My own guess is that consciousness is simply the way information feels when it’s being processed in certain complex ways. I think scientists owe it to the world to figure out what those complex ways are.

Stephanie Singleton, “Max Tegmark interview: “AI can be the best thing ever for humanity”” at New Scientist

He also told Singleton that he thinks of consciousness as “the last bastion that has still refused to be captured by physics” and that it “can be fully understood in terms of information processing done by particles moving around.”

Above all, he is confident: He tells her, “The key to having a good future is to be able to formulate a vision that people around the world can really get on board with.” The fact that China is pushing AI as the fast route to totalitarianism does not seem to register. The naivete of many otherwise brilliant AI professionals is sometimes astounding.


Further reading:

Consciousness is two hard problems, not one. Psychology prof Gregg Henriques argues, consciousness “plays by a different set of rules than the language game of science”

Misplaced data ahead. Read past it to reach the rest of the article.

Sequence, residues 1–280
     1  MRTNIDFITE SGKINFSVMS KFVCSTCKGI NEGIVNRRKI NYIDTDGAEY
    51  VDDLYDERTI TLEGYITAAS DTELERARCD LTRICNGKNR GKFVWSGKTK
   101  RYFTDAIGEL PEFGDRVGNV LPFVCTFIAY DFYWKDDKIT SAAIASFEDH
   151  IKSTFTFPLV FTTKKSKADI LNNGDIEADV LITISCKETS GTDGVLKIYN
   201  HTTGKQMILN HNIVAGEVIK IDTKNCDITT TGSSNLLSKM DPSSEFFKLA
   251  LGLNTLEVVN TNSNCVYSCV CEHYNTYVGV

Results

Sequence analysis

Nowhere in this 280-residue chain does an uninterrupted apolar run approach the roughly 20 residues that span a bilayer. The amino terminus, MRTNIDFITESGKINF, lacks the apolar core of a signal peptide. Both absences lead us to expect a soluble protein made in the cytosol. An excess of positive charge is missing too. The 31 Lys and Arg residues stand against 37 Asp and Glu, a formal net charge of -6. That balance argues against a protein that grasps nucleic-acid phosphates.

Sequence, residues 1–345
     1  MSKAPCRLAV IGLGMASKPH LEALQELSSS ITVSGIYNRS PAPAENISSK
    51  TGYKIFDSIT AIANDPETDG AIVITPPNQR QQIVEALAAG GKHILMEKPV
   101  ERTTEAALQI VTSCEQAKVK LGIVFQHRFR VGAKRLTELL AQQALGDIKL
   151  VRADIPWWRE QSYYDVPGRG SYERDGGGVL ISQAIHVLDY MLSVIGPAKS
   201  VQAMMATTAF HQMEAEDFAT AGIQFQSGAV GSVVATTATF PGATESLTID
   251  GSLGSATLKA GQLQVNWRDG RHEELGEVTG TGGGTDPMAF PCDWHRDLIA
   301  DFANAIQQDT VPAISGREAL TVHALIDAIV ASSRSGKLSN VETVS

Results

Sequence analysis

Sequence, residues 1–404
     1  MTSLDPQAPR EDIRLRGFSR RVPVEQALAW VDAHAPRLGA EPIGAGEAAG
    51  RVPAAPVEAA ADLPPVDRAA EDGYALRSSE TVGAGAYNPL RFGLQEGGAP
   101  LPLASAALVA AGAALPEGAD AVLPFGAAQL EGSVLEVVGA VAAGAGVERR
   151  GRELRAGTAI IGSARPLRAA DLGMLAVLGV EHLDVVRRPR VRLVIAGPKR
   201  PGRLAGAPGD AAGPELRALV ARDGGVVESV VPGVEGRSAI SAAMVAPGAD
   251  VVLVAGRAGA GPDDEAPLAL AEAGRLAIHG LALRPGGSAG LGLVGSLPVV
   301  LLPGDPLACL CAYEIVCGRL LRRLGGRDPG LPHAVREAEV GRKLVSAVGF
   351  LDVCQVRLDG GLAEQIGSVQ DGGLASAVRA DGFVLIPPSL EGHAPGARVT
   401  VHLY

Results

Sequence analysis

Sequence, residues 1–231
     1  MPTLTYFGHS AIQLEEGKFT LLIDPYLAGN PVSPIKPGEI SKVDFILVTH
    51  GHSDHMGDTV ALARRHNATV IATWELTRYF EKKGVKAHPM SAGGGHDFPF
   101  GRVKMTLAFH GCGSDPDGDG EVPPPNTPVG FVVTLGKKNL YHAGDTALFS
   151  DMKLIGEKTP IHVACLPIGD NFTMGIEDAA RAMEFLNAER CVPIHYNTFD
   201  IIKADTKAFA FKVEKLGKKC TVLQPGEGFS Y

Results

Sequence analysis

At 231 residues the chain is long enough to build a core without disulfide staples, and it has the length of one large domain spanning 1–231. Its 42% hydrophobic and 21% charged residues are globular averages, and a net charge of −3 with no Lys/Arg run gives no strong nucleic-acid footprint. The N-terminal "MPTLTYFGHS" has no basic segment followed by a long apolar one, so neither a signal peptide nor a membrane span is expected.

China: Sophisticated surveillance decides who gets sent to Uuyghur camps. The leak of documents from police in Karakax County in Xinjiang reveal the details of everyday life that can send a Uyghur to the camps.

and

Is Big Bang Theory’s Sheldon right re the multiverse? Robert J. Marks comments: Sheldon Cooper insists that in no universe would he dance with Penny.“Some claim, there is an infinite number of universes in the multiverse. That is ludicrous because there are no infinities in the physical world. Even if there were, Cantor’s theory of the infinite shows that, if there were an infinite number of contingencies, not all contingency combinations could be accounted for by an infinite number of universes.”


Denyse O'Leary

Denyse O'Leary is a freelance journalist based in Ottawa, Canada. Specializing in faith and science issues, she has published two books on the topic: Faith@Science and By Design or by Chance? She has written for publications such as The Toronto Star, The Globe & Mail, and Canadian Living. She is co-author, with neuroscientist Mario Beauregard, of The Spiritual Brain: A Neuroscientist'€™s Case for the Existence of the Soul. She received her degree in honors English language and literature.

Multiverse Physicist Max Tegmark Seeks AI That Checks News Bias